WITHOUT doubt, litter – in all its various forms – is a menace.
It defaces neighbourhoods; it is unhygienic – and is often a danger to animals and wildlife. But how do we solve Britain’s growing litter problem? That’s a million dollar question.
I say this because during the course of a chequered PR career during the 1970s, I was for a period of three years or so Campaign Director for the Keep Britain Tidy Group. And I was responsible for the introduction (from America) of the familiar ‘Tidyman’ logo which is now featured on so much of our packaging. I often spot in on a wrapper lying in the gutter!
During my time with KBT, we produced the most ambitious public service campaign against litter – enlisting the voluntary support of a number of TV celebrities of the time including Ronnie Corbett; Morecambe and Wise; Steptoe and Son; Dixon of Dock Green; Marc Bolan and a young David Cassidy, among others.
The campaign was spearheaded by a series of eye-catching TV and cinema commercials – courtesy of Saatchi & Saatchi. The most memorable – with the slogan, ‘My little wrapper can’t do any harm’ – entailed the dropping and spreading of over twelve tons of shredded paper over the entire length of the Portabello Road in London – a bold advertising venture which very nearly turned into a nightmare!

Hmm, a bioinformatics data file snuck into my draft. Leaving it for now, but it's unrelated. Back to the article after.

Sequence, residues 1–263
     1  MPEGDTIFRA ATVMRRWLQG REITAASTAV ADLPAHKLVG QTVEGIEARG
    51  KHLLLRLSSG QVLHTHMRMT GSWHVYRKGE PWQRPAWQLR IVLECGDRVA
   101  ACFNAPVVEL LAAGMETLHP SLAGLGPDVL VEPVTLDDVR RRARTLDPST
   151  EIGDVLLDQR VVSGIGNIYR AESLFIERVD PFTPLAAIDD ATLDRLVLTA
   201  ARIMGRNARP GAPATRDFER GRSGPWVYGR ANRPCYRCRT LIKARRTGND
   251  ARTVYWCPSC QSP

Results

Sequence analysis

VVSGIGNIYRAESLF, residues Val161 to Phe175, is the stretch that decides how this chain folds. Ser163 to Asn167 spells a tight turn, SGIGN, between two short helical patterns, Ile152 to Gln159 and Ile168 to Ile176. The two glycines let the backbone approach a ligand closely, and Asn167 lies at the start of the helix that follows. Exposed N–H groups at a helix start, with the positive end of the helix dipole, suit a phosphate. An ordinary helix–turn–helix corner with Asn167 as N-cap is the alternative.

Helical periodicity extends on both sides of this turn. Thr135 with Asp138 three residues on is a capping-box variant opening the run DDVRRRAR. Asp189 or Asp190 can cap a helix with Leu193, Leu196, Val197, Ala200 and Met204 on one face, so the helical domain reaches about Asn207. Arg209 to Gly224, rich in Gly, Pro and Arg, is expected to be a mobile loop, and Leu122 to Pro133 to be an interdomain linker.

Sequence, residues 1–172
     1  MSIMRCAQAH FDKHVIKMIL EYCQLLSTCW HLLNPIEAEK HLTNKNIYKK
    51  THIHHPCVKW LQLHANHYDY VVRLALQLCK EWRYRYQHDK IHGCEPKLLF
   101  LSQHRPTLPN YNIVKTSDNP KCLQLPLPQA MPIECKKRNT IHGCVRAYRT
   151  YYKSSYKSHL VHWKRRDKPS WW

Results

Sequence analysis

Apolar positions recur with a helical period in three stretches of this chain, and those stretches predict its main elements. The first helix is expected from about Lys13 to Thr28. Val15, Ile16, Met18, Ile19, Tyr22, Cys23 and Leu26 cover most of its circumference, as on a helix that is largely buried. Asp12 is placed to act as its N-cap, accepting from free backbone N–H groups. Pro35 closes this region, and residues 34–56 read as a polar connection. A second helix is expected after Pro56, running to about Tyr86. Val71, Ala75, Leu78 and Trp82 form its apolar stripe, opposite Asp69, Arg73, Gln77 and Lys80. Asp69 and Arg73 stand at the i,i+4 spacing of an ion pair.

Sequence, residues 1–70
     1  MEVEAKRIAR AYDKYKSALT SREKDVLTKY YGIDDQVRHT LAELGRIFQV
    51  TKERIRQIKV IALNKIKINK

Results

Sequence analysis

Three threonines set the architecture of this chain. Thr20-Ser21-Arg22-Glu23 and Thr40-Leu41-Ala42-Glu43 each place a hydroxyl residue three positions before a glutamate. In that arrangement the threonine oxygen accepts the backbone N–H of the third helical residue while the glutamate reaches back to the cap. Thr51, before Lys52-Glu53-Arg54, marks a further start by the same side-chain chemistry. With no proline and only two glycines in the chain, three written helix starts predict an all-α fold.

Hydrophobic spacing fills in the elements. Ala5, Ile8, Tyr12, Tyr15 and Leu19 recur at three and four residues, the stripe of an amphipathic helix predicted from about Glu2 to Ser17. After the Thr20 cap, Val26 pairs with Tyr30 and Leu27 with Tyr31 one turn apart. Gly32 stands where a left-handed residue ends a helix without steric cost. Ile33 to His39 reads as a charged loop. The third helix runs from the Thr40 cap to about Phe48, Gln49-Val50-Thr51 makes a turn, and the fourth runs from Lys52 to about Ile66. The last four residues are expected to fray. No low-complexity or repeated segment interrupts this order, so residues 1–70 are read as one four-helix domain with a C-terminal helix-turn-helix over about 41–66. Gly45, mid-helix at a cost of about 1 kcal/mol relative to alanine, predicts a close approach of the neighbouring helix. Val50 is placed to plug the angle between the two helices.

This ambitious advertising programme was complemented by an intensive educational campaign in schools. For me, those were exciting and stimulating times. But were the combined campaigns effective? At the end of the day, was there less litter left lying around? I wish I could give a positive answer.
The sad fact is that the feckless continued to drop litter in every conceivable place and on every conceivable occasion.
In short, those who thoughtlessly drop their litter simply couldn’t care less. Sadly, over the years, we have become a nation of slobs and I cannot imagine any campaign or threat of on the spot fines having very much effect.
Unless and until we regain our self-respect as a nation, I fear that the litter problem will remain – for it is nothing less than a barometer of our declining personal values.
ROBERT B WORLEY
Bourns Court, Ayshe Court Drive, Horsham